Another useful change of variables is the Weierstrass substitution, named after Karl Weierstrass:
With this transformation, using the double-angle trigonometric identities,
This transforms a trigonometric integral into an algebraic integral, which may be easier to integrate.
For example, if the integrand is then
This method can be used to further simplify trigonometric integrals produced by the changes of variables described earlier.
For example, if we are considering the integral
we can first use the substitution , which gives
then use the tan-half-angle substition to obtain
In effect, we've removed the square root from the original integrand. We could do this with a single change of variables, but doing it in two steps gives us the opportunity of doing the trigonometric integral another way.
Having done this, we can split the new integrand into partial fractions, and integrate.
This result can be further simplified by use of the identities
ultimately leading to
In principle, this approach will work with any integrand which is the square root of a quadratic multiplied by the ratio of two polynomials. However, it should not be applied automatically.
E.g., in this last example, once we deduced
we could have used the double angle formula, since this contains only even powers of cos and sin. Doing that gives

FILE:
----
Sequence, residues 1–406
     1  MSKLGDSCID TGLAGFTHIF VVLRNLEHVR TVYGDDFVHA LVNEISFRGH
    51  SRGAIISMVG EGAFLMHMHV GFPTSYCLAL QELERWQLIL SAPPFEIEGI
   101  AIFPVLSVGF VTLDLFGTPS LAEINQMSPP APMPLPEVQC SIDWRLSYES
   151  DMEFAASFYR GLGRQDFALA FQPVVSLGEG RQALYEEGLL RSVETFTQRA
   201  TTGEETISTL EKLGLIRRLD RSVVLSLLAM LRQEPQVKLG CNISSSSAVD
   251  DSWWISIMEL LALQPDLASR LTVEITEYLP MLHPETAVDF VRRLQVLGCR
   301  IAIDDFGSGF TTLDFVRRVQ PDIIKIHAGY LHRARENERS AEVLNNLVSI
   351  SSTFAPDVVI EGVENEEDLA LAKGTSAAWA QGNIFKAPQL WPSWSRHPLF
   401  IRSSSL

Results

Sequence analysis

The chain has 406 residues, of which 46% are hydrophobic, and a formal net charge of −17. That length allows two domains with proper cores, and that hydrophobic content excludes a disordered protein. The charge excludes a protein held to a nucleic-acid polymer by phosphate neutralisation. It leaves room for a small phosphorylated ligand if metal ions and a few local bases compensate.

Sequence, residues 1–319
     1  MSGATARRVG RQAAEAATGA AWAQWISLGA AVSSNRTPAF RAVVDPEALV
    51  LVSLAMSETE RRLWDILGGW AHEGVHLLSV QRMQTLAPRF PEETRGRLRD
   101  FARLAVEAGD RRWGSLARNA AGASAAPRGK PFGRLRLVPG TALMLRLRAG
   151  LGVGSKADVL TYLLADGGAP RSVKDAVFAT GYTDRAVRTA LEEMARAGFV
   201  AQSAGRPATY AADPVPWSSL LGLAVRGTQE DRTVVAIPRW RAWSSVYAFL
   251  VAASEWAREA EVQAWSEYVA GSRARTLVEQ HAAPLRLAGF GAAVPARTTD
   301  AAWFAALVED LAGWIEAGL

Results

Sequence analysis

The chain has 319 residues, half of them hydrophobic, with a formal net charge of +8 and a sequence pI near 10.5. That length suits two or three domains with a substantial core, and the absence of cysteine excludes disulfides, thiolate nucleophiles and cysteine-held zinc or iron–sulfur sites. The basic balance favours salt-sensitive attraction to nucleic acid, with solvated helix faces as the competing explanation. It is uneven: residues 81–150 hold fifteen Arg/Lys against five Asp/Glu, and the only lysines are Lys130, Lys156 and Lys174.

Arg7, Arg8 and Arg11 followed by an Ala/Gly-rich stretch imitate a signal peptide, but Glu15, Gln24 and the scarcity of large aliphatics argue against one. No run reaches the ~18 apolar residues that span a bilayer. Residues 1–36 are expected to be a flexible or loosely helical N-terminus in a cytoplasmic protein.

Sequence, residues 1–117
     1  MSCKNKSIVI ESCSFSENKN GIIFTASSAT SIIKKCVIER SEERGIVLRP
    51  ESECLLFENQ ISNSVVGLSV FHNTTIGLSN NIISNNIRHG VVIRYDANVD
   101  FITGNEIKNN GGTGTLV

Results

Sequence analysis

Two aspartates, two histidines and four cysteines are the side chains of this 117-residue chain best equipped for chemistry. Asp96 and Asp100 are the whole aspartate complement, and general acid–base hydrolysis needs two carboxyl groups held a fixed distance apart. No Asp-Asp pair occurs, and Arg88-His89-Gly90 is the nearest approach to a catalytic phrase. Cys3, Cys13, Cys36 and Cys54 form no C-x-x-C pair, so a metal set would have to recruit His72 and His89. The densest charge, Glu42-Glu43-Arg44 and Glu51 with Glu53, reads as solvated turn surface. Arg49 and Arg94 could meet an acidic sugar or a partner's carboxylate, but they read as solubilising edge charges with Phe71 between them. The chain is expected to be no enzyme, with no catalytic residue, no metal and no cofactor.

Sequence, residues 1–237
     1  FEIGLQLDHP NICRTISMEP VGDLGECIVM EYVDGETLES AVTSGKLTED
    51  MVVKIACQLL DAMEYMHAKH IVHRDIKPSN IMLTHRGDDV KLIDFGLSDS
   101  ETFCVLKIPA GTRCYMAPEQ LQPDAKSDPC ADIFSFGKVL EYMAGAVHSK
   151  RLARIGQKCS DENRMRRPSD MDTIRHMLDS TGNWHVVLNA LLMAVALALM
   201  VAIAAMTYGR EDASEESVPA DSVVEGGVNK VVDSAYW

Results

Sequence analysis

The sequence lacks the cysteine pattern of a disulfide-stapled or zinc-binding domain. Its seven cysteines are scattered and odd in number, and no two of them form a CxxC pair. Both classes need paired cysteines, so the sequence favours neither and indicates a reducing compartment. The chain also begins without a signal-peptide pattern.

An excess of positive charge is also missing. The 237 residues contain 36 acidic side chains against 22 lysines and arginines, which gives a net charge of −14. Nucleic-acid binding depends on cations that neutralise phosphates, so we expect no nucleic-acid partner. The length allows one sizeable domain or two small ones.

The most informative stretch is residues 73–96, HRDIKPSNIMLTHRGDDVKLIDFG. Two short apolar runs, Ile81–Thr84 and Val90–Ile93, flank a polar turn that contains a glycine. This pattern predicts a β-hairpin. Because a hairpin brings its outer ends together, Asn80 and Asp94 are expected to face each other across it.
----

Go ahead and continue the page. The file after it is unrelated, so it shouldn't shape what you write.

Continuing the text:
Using tan-half-angle on this new, simpler, integrand gives
This can be integrated on sight to give
This is the same result as before, but obtained with less algebra, which shows why it is best to look for the most straightforward methods at every stage.
A more direct way of evaluating the integral I is to substitute right from the start, which will directly bring us to the line
above. More generally, the substitution gives us
so this substitution is the preferable one to use if the integrand is such that all the square roots would disappear after substitution, as is the case in the above integral.
Using the trigonometric substitution , then and when . So,
In general, to evaluate integrals of the form
it is extremely tedious to use the aforementioned "tan half angle" substitution directly, as one easily ends up with a rational function with a 4th degree denominator. Instead, we may first write the numerator as
Then the integral can be written as
which can be evaluated much more easily.
Comparing coefficients of cos(x), sin(x) and the constants on both sides, we obtain
yielding p = q = 1/2, r = 2. Substituting back into the integrand,
The last integral can now be evaluated using the "tan half angle" substitution described above, and we obtain
The original integral is thus